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Bhutan Election Paves Way for Political Transition

Smruti S. Pattanaik is Research Fellow at the Manohar Parrikar Institute for Defence Studies and Analyses, New Delhi. Click here for detailed profile
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  • February 27, 2024


    The Tsering Tobgay-led People’s Democratic Party (PDP) won the maximum number of seats in the Bhutan elections and formed the government. Given rising youth unemployment and domestic debt, economic issues dominated the manifestos of the political parties. As Bhutan prioritises economic development, India can be a close partner.

    Bhutan, a new entrant to the democracy club, witnessed its fourth elections when the country voted on 9 January 2024 to choose a party that will govern them for the next five years. The election to Bhutan’s National Assembly saw the Tsering Tobgay-led People’s Democratic Party (PDP) winning 30 seats. Tobgay sworn in as Prime Minister of Bhutan for the second time on 28 January. He was in power from 2013 to 2018. Bhutan Tendrel Party (BTP) founded by Pema Chewang, a civil servant who had resigned from his position to join politics, is a new entrant to politics. The party won 17 seats mostly from the Eastern Part of Bhutan in the final round of the election. Bhutan has two rounds of election, the primary round which is multiparty and the final round where the contest is between the two political parties that receive the first and second highest votes.

    The primary round of this election was held in November 2023 in which four political parties participated. All the political parties in Bhutan need to confirm to Section 136 of the Election Act of the Kingdom of Bhutan 2008, which requires the parties to repose faith and allegiance on the constitution, possess a broad support base irrespective of gender, religion and caste with a cross-national membership and which ‘does not receive money or any assistance from foreign sources’ be it private or government.1 Elections in Bhutan are funded by the government unlike other countries of South Asia.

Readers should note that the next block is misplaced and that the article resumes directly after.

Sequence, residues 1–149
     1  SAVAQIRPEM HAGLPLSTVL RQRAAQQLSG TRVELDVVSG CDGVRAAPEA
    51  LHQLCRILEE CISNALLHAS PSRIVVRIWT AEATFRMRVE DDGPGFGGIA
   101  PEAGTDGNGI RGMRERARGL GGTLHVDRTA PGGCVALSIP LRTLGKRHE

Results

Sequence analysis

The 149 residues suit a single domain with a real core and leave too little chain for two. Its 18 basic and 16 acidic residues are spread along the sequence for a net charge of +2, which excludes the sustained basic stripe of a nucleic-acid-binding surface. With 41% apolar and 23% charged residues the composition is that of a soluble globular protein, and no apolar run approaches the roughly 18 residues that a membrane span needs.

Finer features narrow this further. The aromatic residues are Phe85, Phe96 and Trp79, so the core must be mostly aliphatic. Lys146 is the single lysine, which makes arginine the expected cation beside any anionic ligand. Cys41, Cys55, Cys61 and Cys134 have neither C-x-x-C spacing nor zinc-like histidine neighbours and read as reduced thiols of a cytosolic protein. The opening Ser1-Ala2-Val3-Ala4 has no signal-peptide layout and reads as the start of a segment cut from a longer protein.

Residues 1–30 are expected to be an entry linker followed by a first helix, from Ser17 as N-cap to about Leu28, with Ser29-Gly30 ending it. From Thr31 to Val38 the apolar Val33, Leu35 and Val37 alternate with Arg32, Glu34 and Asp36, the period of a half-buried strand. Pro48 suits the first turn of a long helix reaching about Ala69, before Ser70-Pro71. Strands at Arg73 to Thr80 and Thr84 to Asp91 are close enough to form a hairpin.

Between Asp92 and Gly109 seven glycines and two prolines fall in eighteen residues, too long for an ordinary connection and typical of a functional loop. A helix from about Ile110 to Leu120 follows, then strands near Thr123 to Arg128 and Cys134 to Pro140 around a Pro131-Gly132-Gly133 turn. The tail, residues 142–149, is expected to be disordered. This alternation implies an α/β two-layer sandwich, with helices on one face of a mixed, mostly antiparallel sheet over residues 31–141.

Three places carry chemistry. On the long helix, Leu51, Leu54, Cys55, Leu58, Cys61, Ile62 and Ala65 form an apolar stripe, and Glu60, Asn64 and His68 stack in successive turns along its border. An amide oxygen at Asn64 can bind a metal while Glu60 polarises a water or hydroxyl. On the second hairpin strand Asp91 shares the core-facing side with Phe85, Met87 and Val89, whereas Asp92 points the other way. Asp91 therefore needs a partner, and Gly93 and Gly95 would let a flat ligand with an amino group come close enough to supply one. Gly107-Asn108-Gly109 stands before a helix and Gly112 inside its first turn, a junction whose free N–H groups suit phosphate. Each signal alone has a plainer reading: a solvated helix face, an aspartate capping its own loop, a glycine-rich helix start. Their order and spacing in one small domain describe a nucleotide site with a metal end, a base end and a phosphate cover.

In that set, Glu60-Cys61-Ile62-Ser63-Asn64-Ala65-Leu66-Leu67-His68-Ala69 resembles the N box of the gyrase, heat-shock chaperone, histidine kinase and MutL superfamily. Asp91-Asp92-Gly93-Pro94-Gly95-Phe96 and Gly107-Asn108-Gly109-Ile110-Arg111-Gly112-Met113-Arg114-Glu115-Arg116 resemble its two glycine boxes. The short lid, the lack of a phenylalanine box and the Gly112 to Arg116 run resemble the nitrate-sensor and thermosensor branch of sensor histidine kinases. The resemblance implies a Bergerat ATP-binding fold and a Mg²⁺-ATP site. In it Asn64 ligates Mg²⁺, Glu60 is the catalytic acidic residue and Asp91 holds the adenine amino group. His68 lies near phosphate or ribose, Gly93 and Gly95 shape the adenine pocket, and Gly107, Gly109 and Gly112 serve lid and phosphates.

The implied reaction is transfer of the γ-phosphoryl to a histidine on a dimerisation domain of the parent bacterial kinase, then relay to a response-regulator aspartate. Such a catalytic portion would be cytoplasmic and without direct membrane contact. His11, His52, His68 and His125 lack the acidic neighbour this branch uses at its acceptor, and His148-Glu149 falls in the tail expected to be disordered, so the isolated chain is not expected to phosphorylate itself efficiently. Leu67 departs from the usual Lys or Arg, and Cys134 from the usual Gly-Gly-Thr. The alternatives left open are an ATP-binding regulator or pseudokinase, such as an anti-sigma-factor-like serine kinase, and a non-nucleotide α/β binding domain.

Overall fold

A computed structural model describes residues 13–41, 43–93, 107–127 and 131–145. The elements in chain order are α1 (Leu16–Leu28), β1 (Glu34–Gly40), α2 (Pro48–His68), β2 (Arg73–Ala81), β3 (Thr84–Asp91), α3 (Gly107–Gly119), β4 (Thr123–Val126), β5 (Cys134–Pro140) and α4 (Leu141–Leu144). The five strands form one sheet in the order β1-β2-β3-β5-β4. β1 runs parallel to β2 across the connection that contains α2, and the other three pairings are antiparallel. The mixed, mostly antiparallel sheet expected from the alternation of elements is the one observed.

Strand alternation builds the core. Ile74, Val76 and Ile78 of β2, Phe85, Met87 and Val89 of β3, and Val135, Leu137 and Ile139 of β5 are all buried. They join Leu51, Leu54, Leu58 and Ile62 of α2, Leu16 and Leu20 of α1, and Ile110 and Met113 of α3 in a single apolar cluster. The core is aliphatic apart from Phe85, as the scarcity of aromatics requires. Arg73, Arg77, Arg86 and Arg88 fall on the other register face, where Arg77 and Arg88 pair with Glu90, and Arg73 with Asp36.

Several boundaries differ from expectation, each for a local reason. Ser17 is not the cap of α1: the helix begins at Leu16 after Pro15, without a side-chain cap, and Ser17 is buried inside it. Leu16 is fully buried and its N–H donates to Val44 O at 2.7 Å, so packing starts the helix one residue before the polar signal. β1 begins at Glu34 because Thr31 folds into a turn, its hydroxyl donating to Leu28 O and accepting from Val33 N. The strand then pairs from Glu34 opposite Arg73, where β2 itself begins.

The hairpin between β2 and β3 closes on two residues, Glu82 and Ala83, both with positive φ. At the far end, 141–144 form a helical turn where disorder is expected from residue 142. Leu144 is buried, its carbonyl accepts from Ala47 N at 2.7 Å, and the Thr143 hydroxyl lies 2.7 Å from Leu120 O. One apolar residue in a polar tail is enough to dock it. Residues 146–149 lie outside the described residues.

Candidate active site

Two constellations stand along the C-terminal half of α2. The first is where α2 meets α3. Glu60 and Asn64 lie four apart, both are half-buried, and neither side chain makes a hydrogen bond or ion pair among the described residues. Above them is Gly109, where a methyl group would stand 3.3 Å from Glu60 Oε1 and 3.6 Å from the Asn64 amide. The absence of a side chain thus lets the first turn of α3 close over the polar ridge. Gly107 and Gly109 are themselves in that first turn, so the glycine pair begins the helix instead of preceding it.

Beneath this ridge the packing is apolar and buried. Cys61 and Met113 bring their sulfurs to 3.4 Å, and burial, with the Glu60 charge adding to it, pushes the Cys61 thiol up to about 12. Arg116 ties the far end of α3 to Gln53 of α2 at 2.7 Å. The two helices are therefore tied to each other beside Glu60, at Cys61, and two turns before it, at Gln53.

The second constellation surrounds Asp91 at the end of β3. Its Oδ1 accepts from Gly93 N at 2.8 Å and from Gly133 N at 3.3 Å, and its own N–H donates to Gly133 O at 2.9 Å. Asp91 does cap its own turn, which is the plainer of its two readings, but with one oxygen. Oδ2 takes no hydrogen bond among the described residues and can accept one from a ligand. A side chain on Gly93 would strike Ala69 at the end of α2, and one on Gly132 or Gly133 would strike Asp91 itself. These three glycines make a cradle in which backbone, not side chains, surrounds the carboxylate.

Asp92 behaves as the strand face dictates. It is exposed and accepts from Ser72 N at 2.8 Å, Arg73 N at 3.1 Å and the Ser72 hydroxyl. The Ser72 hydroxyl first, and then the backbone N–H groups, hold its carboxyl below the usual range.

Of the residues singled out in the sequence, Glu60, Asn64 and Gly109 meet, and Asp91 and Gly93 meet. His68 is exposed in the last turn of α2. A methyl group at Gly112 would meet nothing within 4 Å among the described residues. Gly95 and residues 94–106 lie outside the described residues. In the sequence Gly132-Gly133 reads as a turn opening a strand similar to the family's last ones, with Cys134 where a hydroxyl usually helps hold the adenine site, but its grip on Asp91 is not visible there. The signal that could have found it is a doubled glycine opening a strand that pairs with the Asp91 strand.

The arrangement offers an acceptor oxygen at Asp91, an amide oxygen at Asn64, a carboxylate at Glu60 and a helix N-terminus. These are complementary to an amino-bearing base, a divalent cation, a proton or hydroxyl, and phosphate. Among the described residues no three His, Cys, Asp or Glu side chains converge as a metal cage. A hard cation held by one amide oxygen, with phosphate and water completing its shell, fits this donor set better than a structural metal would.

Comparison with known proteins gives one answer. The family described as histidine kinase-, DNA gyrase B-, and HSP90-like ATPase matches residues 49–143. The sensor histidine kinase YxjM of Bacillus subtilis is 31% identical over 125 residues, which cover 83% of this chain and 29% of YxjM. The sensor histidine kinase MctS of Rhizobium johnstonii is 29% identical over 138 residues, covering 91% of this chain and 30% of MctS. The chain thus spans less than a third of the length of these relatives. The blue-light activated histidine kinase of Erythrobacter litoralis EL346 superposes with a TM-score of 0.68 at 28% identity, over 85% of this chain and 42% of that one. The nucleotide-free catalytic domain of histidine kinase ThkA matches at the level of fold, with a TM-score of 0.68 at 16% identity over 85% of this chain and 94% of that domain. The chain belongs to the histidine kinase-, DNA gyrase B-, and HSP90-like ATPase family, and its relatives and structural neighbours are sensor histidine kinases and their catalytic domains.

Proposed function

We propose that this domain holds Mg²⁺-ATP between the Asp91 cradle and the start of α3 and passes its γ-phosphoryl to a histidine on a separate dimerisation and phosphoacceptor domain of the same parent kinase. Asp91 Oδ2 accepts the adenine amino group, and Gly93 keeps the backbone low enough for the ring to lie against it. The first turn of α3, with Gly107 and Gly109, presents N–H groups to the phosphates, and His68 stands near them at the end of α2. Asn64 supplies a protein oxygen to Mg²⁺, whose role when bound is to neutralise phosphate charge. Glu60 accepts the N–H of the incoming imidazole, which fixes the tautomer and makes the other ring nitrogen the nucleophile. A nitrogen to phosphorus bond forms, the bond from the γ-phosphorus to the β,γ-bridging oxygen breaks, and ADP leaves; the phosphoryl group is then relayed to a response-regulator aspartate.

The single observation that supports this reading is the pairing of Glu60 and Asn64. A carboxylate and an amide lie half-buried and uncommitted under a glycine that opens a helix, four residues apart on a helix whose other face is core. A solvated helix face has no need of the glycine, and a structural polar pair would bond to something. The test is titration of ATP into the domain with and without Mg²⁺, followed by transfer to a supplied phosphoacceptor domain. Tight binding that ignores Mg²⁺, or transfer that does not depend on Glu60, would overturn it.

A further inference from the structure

Economic Concerns Dominate Elections

    Economic issues dominated the electoral landscape with each political party pledging development and economic growth in their electoral manifesto. Youth unemployment in Bhutan has increased. In the post COVID-19 environment, the situation has worsened as tourism industry which employees around 50,000 Bhutanese, has been hampered. In August 2023, Bhutan cut its Sustainable Development Fee by 50 per cent to increase tourist footfall.2 According to UNDP, youth unemployment which was 11.9 per cent in 2019 grew to 22.6 per cent in 2020.3

    The second main concern relates to the growing domestic debt. Currently, Bhutan has a debt to GDP ratio of 129.1 per cent. As of 31 December 2023, public debt stood at 103.2 per cent of the FY 2023–24 GDP estimate. Of the total external debt, government debt stood at 90.9 per cent which constitutes borrowings for budgetary activities, hydropower projects, and loans, with hydropower debt standing at 66.3 per cent. Yet, hydropower is also the main source of Bhutan’s export earnings.4 Migration of youth is another major challenge. According to an estimate, around 2 per cent of Bhutan’s population has migrated overseas in the last six years.5

    Key Highlights of Manifestos